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Calculate Hours Between two DateTimes

 
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I am trying to get the number of hours between two user inputs.

The following does a great job with (start)6:00 (finish)7:00 or (start)6:00 AM (finish)7:00 AM but if the user puts in something like (start)6:00 AM (finish)7:00 PM.

How do I span across am to pm times?

 
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I'm not familiar with the DateTime class, so I can't help you there. How I'd do it though would just to call getTime() on the two Date instances. The difference of the those two values would be the time difference in milliseconds and it would just take some simple arithmetic to convert that to hours.
 
Steve Dyke
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Ahmed Bin S wrote:



Would this still work if they input 24 hour type times?
 
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Use HH instead of hh, that allows you to use 06:00 for AM and 18:00 for PM.
 
Steve Dyke
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Rob Spoor wrote:Use HH instead of hh, that allows you to use 06:00 for AM and 18:00 for PM.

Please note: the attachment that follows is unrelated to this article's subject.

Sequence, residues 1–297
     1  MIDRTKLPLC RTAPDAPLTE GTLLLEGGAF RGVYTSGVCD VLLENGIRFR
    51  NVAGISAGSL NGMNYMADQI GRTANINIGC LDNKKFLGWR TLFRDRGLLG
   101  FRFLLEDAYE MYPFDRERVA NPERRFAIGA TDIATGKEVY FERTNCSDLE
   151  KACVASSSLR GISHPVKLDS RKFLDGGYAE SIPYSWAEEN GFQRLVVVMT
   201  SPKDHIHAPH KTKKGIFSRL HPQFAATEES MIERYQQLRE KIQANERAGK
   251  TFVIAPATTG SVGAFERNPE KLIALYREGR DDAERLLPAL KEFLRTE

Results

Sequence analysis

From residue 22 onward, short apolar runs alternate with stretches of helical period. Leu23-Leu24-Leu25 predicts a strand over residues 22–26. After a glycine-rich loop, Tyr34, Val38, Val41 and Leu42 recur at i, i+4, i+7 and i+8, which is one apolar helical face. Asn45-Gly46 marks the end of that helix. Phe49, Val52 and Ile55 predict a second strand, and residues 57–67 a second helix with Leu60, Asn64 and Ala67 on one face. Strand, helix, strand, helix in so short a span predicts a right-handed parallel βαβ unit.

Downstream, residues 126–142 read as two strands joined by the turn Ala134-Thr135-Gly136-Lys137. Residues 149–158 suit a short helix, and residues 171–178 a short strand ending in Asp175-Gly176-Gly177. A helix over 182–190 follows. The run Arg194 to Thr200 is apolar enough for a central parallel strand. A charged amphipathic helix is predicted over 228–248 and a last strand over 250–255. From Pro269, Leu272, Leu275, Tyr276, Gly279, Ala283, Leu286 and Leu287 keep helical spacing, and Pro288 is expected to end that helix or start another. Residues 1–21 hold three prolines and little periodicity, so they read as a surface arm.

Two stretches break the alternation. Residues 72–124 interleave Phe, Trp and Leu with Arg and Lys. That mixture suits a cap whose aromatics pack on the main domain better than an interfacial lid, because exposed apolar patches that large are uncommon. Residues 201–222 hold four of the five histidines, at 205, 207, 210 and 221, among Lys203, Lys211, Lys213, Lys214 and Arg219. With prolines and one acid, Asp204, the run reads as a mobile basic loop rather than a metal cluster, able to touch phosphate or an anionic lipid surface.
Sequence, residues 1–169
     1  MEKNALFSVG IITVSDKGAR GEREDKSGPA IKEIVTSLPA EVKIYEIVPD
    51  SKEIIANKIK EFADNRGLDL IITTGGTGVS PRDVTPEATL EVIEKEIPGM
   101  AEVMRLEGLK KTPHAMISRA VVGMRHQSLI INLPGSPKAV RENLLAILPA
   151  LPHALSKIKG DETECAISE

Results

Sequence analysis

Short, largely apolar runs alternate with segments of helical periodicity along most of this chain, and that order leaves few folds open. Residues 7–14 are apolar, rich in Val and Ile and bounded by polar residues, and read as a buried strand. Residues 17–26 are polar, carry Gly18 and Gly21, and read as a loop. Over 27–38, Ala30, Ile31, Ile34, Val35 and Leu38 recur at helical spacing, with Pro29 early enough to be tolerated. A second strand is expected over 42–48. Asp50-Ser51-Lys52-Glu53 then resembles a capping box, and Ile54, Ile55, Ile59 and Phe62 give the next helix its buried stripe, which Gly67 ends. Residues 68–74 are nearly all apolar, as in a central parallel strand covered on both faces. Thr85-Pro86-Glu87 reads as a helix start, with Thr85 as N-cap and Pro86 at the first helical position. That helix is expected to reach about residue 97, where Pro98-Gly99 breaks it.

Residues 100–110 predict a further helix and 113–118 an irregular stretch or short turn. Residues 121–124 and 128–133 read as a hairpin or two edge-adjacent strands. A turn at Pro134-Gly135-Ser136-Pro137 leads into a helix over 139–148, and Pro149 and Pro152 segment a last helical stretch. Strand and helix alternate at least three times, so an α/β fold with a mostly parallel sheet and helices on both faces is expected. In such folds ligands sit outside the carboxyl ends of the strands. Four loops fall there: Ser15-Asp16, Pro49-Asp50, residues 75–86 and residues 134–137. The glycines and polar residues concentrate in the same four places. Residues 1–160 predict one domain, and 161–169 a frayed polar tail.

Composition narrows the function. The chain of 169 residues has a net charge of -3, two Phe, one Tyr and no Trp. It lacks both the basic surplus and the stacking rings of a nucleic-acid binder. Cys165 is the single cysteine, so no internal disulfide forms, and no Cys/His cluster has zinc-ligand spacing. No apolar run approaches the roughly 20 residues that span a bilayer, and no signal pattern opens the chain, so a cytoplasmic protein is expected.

I am really trying to cove the user inputting 12 hour and or 24 hour time formats
 
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Where does the DateTime class come from? It does not appear to be in the standard Java8 API.
Use the new Java8 time classes as described in the Java™ Tutorials. Stop using Date Calendar etc.
 
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Steve Dyke wrote:I am really trying to cove the user inputting 12 hour and or 24 hour time formats


My advice:
1. Don't let 'em.
2. Ask them whether they want to use 12 or 24-hour time before they start, and then enforce it.

Basically, your making life hard for yourself by wanting a program that can "guess" what they intended by what they typed.

HIH

Winston
 
Ahmed Bin S
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Winston is correct. You should be doing some validation before you call this method. I mean, what if someone enters the date as "eight thirty-two"? You can't allow that, can you? Therefore, the users have to be told which format the date should be entered, and you can therefore tell them that they must enter it in 24 hour format - there isn't anything unreasonable with that.
 
Rob Spoor
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Campbell Ritchie wrote:Where does the DateTime class come from? It does not appear to be in the standard Java8 API.
Use the new Java8 time classes as described in the Java™ Tutorials. Stop using Date Calendar etc.


I was guessing it's JodaTime. But you're right that java.time should be used. One advantage is that a single (public/private) static final DateTimeFormatter can be used, since (unlike DateFormat and SimpleDateFormat), it's thread-safe (immutable even).
 
Campbell Ritchie
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And I was thinking OP had written his own date time class.
 
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